• do tell stories of disabled people fighting for rights and access.
  • do show readers how they can make changes in their actions and attitudes "so that people with disabilities don't have so darn much to overcome."
  • do tell stories about the activist disability community, about common bonds disabled people share.

  • After thinking about what such a book would mean to him, born with cerebral palsy, he wrote a letter to Chicken Soup authors expressing his concerns. Hearing no response, and not convinced the Chicken Soup authors would thicken the pot, Hasse used a discussion forum on his own website to establish a dialogue among those with disabilities and those without about presumptions Chicken Soup authors need to avoid in the stories they select for publication. His Website now contains a summary of the discussion forum's results.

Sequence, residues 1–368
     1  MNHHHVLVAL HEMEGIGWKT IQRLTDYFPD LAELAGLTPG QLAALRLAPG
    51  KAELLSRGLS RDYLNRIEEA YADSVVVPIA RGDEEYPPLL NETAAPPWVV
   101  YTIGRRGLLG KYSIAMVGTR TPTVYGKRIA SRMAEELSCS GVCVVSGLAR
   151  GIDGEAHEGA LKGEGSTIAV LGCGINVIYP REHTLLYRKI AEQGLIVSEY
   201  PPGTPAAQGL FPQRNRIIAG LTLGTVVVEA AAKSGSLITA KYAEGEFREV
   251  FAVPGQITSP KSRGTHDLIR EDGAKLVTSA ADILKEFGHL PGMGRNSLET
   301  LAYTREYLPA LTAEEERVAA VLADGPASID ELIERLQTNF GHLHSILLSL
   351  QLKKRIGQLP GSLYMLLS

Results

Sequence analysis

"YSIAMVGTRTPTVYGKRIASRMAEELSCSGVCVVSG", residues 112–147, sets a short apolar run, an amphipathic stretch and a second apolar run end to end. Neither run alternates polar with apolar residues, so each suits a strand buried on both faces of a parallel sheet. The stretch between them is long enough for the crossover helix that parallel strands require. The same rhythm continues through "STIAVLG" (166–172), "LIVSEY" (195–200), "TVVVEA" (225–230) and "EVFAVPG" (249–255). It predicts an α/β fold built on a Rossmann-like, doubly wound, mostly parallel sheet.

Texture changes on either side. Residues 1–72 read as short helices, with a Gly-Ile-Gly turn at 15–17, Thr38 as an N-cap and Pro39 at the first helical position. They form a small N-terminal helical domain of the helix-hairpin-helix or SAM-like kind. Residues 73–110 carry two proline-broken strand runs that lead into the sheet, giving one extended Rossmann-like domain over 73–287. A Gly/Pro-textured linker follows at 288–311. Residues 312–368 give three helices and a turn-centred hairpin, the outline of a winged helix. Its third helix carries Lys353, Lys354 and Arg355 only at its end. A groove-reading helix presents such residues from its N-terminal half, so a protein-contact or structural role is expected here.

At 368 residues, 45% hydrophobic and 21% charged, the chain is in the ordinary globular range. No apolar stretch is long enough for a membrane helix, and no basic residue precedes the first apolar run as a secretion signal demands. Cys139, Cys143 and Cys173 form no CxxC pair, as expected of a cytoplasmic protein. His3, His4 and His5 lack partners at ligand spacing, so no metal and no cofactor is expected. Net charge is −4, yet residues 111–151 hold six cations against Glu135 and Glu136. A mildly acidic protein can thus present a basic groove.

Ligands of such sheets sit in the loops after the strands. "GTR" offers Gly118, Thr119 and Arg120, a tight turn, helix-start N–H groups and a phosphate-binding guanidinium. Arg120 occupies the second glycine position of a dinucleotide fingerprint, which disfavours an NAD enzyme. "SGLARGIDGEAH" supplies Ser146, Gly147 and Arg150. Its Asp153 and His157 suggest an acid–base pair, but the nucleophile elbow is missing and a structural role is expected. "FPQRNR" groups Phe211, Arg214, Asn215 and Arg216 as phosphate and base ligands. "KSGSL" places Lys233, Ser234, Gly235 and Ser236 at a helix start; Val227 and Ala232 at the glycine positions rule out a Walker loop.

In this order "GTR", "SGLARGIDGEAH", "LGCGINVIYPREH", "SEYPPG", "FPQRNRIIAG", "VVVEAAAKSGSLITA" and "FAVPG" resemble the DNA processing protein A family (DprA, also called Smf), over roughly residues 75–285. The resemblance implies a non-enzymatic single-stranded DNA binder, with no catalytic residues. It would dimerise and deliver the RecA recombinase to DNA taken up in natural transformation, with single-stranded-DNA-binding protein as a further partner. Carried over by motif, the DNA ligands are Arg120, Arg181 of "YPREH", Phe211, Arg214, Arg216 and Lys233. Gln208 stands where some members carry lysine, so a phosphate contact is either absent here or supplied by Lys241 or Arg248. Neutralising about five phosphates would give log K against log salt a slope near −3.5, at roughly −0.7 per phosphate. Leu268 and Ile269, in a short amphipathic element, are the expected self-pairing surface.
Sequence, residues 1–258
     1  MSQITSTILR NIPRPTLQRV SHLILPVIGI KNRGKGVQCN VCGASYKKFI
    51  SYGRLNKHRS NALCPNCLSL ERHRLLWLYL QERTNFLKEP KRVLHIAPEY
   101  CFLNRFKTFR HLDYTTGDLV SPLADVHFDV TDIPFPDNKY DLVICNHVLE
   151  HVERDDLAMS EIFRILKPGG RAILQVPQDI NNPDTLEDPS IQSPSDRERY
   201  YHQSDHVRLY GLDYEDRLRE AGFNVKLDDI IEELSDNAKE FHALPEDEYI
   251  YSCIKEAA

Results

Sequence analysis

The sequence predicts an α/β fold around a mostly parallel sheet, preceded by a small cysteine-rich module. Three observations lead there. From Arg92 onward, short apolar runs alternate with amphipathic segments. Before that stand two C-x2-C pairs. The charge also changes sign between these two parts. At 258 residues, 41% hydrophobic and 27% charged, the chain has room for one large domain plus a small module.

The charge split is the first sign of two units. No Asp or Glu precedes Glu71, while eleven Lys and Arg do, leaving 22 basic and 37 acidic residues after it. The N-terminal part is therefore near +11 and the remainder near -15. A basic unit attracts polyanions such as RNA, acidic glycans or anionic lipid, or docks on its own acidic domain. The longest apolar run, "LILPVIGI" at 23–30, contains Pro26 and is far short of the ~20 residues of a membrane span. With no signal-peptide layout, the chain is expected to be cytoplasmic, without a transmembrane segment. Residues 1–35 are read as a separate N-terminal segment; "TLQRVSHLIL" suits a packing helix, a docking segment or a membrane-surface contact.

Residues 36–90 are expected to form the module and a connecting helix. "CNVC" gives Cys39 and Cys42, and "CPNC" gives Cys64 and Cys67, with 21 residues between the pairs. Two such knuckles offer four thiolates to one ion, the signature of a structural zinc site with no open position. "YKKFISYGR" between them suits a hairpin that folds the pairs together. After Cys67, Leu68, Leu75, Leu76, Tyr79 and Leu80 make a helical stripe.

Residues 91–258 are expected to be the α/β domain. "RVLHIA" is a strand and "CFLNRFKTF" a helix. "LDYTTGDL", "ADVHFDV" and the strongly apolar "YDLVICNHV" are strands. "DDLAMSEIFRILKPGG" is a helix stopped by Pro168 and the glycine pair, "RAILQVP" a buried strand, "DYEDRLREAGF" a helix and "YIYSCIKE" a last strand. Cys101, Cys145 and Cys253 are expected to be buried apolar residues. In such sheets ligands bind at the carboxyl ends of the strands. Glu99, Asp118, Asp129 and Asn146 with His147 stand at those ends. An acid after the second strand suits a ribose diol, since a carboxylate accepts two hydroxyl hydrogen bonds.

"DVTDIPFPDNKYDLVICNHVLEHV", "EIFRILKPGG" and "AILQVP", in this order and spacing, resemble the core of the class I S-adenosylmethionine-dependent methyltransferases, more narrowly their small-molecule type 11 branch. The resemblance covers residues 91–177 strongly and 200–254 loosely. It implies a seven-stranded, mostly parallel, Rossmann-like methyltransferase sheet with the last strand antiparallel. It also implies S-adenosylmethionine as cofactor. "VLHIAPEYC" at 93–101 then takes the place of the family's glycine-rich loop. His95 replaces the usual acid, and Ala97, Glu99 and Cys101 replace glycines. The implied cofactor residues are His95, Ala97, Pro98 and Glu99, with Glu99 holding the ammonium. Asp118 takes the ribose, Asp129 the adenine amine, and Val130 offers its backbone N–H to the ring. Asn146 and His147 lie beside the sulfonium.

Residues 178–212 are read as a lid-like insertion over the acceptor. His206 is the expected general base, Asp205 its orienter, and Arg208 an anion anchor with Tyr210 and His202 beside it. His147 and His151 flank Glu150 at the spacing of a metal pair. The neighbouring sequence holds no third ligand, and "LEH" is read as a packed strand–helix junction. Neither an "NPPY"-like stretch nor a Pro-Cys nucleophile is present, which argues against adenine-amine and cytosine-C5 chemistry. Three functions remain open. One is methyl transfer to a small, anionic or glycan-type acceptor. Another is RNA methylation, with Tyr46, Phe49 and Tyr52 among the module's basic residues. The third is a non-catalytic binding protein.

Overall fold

Hasse promised to award $50 out of his own pocket to the person who posted, in his opinion, the best advice for the authors in terms of usefulness, originality and conciseness. He also offered a complimentary copy of his book to two other individuals who posted the most useful advise for the authors. In 1996, Hasse self-published Break Out: Finding Freedom When You Don't Quite Fit The Mold, a memoir of 51 true stories, each illustrating a turning point in his understanding about what it means to be presumed different in the U.S. and abroad.

    The $50 recipient, W. Carol Cleigh, summarized her August 20 posting this way: "The only real purpose of such a 'Chicken Soup' book is to perpetuate and re-inscribe able-ism."

    Jim Hasse can be reached by e-mail at: JHASSE@JVLNET.COM or by fax at 608/356-3797.